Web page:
Use cases are not just about requirements
At the biology science, stem cells are biological cells that can differentiate into other types of cells and can divide to produce more of the same kind of stem cells. They are found in multi-cellular organisms. Cells in the body have specific purposes, but stem cells are cells that do not yet have a particular role and can become almost any cell that is required.
In the software production industry, there are some work products which work as same as the stem cells in the body. It means these work products have profound effects on the other area in the software development process by preparing or supplying input information for them, for instance, project management, design, and test activities.
Since software development intrinsically is a complex process due to dealing with human life, economy or other complex phenomenon related to the humans’ life, it is required to make a simpler model to the problem and also solution space to understand them better to make an appropriate software. This approach helps to acquire clear insight into the final product from the different point of views; During modeling process, just some special aspects of either problem or solution area get focused to decline complexity applying some abstraction. Briefly, modeling helps to make the real world easier to understand by removing unnecessary elements out of the model’s scope.
It is obvious a model is not just a graph or diagram when we talk about a model we talk about either a document, a miniature physical model, a mathematical formula or any combination of them. It is rear to have a physical model in software engineering while documents, graphs and sometimes mathematical equations are ordinary.
One of the very first models in a software project is “Use case model,” this model consists of both diagrams and documents. As this article is not about developing a “use case model,” I do not dig more in the techniques for it regardless of the following steps which end in a primitive “use case model.”
1- Find actors and write them down in a “Use case model survey” document.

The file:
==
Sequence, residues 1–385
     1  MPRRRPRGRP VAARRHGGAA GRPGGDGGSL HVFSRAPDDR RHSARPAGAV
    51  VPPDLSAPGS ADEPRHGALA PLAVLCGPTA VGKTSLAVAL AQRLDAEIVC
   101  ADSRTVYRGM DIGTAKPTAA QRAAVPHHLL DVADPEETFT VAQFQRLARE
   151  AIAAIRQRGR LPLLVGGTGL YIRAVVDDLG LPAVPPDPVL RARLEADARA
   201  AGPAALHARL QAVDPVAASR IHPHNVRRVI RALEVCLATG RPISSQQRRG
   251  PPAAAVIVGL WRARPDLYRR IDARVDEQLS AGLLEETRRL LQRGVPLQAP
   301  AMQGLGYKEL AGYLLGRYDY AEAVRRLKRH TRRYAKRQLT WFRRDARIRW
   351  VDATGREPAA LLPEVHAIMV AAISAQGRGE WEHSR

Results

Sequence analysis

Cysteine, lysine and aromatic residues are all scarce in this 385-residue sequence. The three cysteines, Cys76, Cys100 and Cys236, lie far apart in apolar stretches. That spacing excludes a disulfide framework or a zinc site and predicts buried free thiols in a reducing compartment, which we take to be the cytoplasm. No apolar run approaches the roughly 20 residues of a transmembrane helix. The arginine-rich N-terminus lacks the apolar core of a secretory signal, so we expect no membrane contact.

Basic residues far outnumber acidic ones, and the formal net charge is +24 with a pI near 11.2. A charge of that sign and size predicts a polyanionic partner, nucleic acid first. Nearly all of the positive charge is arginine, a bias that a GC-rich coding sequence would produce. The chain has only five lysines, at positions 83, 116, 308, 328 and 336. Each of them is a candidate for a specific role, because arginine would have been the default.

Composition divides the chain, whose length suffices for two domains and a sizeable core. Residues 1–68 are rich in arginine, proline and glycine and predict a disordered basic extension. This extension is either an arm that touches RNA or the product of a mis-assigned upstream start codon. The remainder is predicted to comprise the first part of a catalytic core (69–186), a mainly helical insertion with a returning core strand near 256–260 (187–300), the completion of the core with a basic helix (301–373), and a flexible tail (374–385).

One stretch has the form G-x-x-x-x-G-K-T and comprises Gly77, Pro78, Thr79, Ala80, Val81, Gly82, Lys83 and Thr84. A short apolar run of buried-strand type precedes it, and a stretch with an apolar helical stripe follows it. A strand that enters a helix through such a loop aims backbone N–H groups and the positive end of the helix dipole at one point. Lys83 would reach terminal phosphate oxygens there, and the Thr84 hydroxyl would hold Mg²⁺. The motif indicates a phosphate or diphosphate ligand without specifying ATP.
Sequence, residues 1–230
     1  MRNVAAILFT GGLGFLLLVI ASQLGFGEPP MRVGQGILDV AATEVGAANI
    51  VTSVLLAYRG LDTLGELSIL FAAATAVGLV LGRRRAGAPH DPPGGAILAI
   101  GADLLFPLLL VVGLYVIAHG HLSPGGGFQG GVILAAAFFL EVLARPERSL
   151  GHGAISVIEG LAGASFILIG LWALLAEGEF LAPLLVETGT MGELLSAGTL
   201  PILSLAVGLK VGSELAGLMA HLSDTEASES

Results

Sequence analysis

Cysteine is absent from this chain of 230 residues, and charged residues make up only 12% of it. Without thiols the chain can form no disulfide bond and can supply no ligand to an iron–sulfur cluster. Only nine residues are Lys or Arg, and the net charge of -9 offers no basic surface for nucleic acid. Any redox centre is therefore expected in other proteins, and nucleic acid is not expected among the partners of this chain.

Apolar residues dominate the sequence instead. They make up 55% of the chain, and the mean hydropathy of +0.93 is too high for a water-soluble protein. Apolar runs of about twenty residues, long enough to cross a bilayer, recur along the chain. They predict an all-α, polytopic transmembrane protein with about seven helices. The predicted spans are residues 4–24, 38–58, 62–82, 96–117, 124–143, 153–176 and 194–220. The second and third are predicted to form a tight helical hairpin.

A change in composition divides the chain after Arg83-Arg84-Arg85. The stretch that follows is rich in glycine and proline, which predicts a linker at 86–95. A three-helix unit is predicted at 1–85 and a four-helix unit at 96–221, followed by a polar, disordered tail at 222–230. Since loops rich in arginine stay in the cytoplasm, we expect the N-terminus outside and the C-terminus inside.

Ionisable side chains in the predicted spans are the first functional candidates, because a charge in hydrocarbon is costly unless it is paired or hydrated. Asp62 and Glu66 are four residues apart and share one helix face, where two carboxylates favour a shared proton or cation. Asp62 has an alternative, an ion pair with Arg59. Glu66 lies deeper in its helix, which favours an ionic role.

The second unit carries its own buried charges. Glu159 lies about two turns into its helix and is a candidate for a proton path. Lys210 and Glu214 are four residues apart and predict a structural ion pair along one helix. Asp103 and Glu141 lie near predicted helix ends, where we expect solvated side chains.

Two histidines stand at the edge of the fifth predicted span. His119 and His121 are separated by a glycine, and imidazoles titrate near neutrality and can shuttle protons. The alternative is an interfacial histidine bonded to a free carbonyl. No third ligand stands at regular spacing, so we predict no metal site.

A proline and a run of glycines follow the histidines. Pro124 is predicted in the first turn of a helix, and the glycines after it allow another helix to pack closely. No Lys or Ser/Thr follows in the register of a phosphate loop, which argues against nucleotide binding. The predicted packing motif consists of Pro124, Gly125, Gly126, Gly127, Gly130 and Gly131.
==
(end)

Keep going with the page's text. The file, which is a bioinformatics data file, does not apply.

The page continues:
2- Find use cases then add them down in the “Use case model” survey document.
3- Create a primitive “use case” diagram.
4- Outline the “use cases.”
5- Chose the most significant technical or business “use cases.”
6- Write down the use cases’ specifications.
7- Break down the “use cases” and identify their relation.
8- Update the use case diagram.
9- Organize the use case diagram using packages.
Both “actors” and “use cases” are the pillars of this model. As you may know, “use cases” are a combination of a name, and a brief business description for their business intend which represent a placeholder for describing an interaction between actors and the system to accomplish a sensible business step. Use cases’ specifications are a detailed description of the possible interactions between actors and the system to meet the business targets. If we just cared about software requirements, this descriptions would be satisfactory.
Although in this situation there is adequate information about the solution and actors’ interactions to create the system, some use cases are so complicated so that their complexity creeps to the project management activity including planning, besides increase opacity in system design. If we do not mitigate this risk, we have blindly ignored a stern challenge in the project. Hence, we should have a technique to divide the complex use cases and concur the potential problem. Dividing the use cases results in either generalization or extend/include dependency between new use cases. These relations are not about software requirements considerations. They help in managing the priority of the use cases and planning activity besides increasing more clarity in the next steps of the software development process.